SENEGALESE authorities on Friday ordered former Chadian dictator Hissene Habre to appear before a special tribunal to stand trial for torture, war crimes and crimes against humanity.
Once dubbed “Africa’s Pinochet”, Habre has been in custody in the Senegalese capital Dakar since his arrest in June 2013 at the home he shared with his wife and children.
Rights groups say 40,000 people were killed during the 72-year-old’s eight years in power in Chad under a regime marked by fierce repression of his opponents and the targeting of ethnic groups.
The Extraordinary African Chamber, set up by Senegal and the African Union to deal with Habre’s case, announced it had made an order of “partial dismissal of proceedings, of impeachment and referral”.
“This order refers the accused, Hisseine Habre, to the Extraordinary African Assize Chamber in order to be tried for crimes against humanity, war crimes and the crime of torture,” it said in a statement.
The trial, the result of a 19-month investigation by a four-judge panel, is expected to get under way in Senegal in May or June.
Delayed for years by Senegal where Habre has lived since being ousted in 1990, his trial will set a historic precedent as until now African leaders accused of atrocities have only been tried in international courts.
Senegal and the African Union signed an agreement in December 2012 to set up the court to try Habre for the offences.
The AU had mandated Senegal to try Habre in July 2006, but the country stalled the process for years under former president Abdoulaye Wade, who was defeated in 2012 elections.
Habre was also wanted for trial in Belgium on war crimes and crimes against humanity charges after three Belgian nationals of Chadian origin filed a suit in 2000 for arbitrary arrest, mass murder and torture.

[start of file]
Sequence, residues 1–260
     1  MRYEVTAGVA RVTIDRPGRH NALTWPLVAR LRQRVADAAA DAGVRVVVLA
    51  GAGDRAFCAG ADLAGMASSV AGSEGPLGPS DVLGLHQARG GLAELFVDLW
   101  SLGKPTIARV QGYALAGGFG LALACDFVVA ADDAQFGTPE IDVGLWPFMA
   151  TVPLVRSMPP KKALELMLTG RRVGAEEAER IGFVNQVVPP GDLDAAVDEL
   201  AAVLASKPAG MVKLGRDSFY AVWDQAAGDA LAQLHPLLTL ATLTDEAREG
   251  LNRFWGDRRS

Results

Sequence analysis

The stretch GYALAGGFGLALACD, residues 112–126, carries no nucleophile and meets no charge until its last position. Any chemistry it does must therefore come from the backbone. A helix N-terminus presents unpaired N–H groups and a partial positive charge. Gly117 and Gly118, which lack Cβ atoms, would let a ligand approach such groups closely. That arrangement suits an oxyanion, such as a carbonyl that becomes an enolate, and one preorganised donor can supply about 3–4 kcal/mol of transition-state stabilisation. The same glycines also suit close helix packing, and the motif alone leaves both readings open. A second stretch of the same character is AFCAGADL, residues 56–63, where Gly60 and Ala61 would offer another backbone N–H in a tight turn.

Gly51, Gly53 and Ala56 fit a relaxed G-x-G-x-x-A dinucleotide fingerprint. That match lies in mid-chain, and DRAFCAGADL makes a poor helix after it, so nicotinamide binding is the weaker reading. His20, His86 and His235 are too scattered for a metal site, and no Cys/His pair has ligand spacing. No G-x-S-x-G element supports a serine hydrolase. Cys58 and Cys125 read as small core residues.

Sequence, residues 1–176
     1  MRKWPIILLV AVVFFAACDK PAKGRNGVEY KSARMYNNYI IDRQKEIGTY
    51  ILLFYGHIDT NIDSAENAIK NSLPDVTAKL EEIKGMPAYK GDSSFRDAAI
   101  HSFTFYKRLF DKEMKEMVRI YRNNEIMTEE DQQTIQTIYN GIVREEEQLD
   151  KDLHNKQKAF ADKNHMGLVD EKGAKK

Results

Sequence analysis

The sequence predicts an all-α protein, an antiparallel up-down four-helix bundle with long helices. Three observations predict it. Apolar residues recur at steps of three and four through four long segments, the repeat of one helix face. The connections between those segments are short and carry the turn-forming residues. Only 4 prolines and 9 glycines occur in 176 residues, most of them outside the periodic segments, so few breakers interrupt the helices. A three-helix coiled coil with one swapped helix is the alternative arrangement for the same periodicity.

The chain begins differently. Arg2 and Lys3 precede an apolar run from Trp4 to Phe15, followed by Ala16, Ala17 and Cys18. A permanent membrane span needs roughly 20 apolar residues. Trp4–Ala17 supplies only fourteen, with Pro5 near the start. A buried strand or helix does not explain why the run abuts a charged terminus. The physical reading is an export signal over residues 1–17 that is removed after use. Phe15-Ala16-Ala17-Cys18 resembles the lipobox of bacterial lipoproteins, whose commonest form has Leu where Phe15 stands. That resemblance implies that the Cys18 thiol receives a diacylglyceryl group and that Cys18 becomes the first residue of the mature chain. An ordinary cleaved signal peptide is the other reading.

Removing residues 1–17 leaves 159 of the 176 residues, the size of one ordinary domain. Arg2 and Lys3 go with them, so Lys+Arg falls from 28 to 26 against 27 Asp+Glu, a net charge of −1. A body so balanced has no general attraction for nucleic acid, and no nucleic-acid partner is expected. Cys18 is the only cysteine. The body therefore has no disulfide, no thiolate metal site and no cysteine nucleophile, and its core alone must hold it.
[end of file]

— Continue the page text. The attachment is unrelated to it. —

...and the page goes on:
‘Enormous victory for justice’
Macky Sall, Wade’s successor who took office in April 2012, ruled out extraditing Habre to Belgium, which was prepared to try him, vowing to organise a trial in Senegal.
“After so many years, Habre’s victims are now on the verge of seeing justice done for what they have endured,” Jacqueline Moudeina, lead lawyer for the victims, said in a statement.
“Getting Hissene Habre before a court is an enormous victory for justice.
Reed Brody, counsel for Human Rights Watch (HRW) who has worked with Habre’s alleged victims since 1999, said the decision showed it was “possible for victims, with tenacity and perseverance, to bring a dictator to justice”
“A fair and transparent trial for Hissene Habre would now demonstrate that courts in Africa can be empowered to provide justice for African victims of crimes committed in Africa,” he added.
The four investigating judges carried out four missions to Chad, HRW said in a statement, interviewing some 2,500 witnesses and victims and analysing thousands of documents.
The trial will be heard by two Senegalese judges and a judge from another African Union member state, who will serve as president of the chamber.
Habre has refused to recognise the legitimacy of the process or participate in the proceedings.
“I have been waiting more than two decades to see Hissene Habre in court,” Clement Abaifouta, president of the Association of Victims of the Crimes of Hissene Habre’s Regime (AVCRHH), was quoted as saying in the HRW statement.
Abaifouta, a political prisoner during Habre’s rule, says he was forced to dig mass graves and bury hundreds of other detainees.
“We are finally going to be able to confront our main tormentor and regain our dignity as human beings,” he added.